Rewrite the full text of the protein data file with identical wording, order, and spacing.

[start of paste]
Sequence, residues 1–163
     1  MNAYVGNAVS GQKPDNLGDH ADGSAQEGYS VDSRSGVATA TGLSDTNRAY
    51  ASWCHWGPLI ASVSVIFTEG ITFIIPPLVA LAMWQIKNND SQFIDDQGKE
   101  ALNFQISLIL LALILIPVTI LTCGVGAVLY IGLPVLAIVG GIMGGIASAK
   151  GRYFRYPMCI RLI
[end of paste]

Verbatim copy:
Sequence, residues 1–163
     1  MNAYVGNAVS GQKPDNLGDH ADGSAQEGYS VDSRSGVATA TGLSDTNRAY
    51  ASWCHWGPLI ASVSVIFTEG ITFIIPPLVA LAMWQIKNND SQFIDDQGKE
   101  ALNFQISLIL LALILIPVTI LTCGVGAVLY IGLPVLAIVG GIMGGIASAK
   151  GRYFRYPMCI RLI